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Monday, November 18, 2013

A November diversion - a rash from "The Dash"

I am truly going to burn.

Father Britto Berchmans, now a pastor himself in Park Ridge, was both a blessing to our community and a good friend to me for the years he served at St. Anne. He is a true servus Dei servorum, a servant of God’s servants, someone who genuinely bears the yoke of being an alter Christus. And he’s a stranger in a strange land, no less. Born in India near Madras to a large Catholic family, he became a Salesian priest, got a master’s degree in physics, and taught in the seminary for a while. Then he came to the USA and got a doctorate in communications from Marquette and U of I, and went to teach at the Salesian seminary in Rome for three years. But after this relatively short academic career, he decided that God was calling him to live his life as a priest in parish ministry. The parish he landed in was St. Anne’s, and Britto Berchmans, whose very name introduced me to two Jesuit saints whose names had not previously crossed my neural pathways, was part of the scenery for six years here in Barrington. We were, and are, the better for his joyful presence.

The only complaint I’ve ever had about the man (and that is saying something) is his infatuation with, and I know no other way to say this, a certain piece of religious doggerel. You know what I mean: the kind of stuff you read in Hallmark cards and forwarded emails that has sunset backgrounds and whose spiritual relevance is like offering an orange-flavored Bayer children’s aspirin to a man with an ax in his head. This poem was his spiritual Achilles heel, but it is I, Hector-like, whose literary corpse is dragged around the walls of poetry.

I'm speaking of a little ditty called “The Dash,” by Linda Ellis, © 1996. If you follow that link, you’ll get the idea of everything I’ve said above. All right, everybody loves it except me, and she has made a career out of that poem. Fine. I'm not jealous. These things are pretty harmless taken in small doses, but as I said, having done scads of funerals with Fr. Britto over the years, I became a barely-controlled lunatic, a Chief Inspector Dreyfuss to his Clouseau, or a character in a painting by Edvard Munch. I can still hear the cadence of his voice as he winds his homily down toward its inevitable hermeneutic Waterloo, that moment when his words of comfort end with the repeated horror comparable to that Cubs “video highlight” when Bartman interferes with the foul ball and gives the lousy Marlins the only chance they’d need to get into the World Series instead of us. I hear his voice head in that direction, I break into a cold sweat, and become another person: the mean-spirited cretin who is writing this blog entry.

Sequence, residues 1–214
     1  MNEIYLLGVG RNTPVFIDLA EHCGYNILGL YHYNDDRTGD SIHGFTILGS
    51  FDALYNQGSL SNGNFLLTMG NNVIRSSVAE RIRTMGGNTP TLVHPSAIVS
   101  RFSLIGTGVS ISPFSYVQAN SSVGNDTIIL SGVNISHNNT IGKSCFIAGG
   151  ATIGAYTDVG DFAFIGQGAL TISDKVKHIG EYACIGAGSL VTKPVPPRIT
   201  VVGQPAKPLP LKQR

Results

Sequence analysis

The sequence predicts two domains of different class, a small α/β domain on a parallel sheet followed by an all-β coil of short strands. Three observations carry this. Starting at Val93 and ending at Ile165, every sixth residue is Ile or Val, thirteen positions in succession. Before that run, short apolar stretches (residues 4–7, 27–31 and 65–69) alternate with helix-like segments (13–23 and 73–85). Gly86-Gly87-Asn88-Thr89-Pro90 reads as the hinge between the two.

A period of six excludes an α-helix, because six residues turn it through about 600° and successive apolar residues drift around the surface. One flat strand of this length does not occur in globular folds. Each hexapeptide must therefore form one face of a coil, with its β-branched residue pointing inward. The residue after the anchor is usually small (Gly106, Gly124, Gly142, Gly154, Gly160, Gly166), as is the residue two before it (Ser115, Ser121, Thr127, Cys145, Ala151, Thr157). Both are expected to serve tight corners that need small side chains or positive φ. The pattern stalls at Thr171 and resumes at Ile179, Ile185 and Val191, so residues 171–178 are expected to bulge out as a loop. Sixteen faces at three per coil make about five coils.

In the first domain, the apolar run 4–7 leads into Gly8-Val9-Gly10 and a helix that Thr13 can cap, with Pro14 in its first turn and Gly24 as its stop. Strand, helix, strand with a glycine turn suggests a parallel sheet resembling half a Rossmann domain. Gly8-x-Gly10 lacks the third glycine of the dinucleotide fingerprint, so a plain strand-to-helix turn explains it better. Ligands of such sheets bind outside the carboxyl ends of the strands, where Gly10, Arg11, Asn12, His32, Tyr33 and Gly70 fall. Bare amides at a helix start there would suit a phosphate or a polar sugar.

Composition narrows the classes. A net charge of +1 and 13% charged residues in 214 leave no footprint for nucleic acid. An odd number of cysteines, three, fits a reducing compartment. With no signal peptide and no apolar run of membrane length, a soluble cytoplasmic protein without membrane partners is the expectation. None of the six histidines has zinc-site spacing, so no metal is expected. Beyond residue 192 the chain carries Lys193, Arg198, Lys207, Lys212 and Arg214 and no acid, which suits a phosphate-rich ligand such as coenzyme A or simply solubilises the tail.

Here is my sequel to “The Dash.” I make no apologies to its creator. This thing came out of your laboratory, Dr. Frankenstein. It must be destroyed.
The Dash, the Sequel

There was a man who stood to speak
At the funerals of friends,
Some were just parishioners,
But always at the end

He'd add a couple fables,
Unborn twins and the like,
Or words in Irish abbeys,
Or some dreck by Hank van Dyke,

But one piece of lore was constant,
Causing me my teeth to gnash:
A piece of kitschy misbegot-
Ten drivel called "The Dash."

Edgar Allan Poe on opium,
Bells clanging in his head,
Has nought on me, while wishing
To trade places with the dead,

As I dream that Halle Berry,
Twirling razors, comes to slash
Both my wrists, my throat, and eardrums
So I can not hear "the dash"

Or perhaps a one-way ticket
From the bell-tower to the street,
Or something slow, like poison!
I could force myself to eat

Something growing in my compost,
or some rancid corned-beef hash?
Or stuff my ears with cherry bombs.
Don't make me hear "The Dash."

I have read the works of Edmund Lear,
Enjoyed some Ogden Nash.
Even Gertrude Stein is rosier
Than Britto's awful Dash.

Even now my gorge is rising,
Each obsequies's a rash,
Every day he has his doggerel,
Just kill me—it's The Dash.

O take your cruel flagellum,
Give my woeful skin the lash,
Pour vinegar and turpentine
Into each bleeding gash,

Or Thelma-and-Louise-like
Off a desert cliff I'd crash
At three hundred miles an hour,
Just don't make me hear "The Dash."

That "poem" that gives me scabies,
Makes mind snap and bowels to loose,
Like Robert Frost, with rabies,
Channels Drs. Phil and Seuss.

O Catholic folk of Park Ridge,
Fork over lots of cash,
Perhaps a bribe will silence
Him enamored of The Dash?

O Zombie-Poe, arise now,
From the shadows of Lenore,
Let the raven eat that verbiage.
Let me hear it Nevermore.

If Bradbury had known the
Epic damage it has done,
The Dash might have prevented
Fahrenheit 451. 

So stuff my ears with candle wax,
With ice picks pierce my drums,
For I see him at the ambo:
Something vapid this way comes.

Love you, Fr. Britto. I feel a lot better now. Carry on.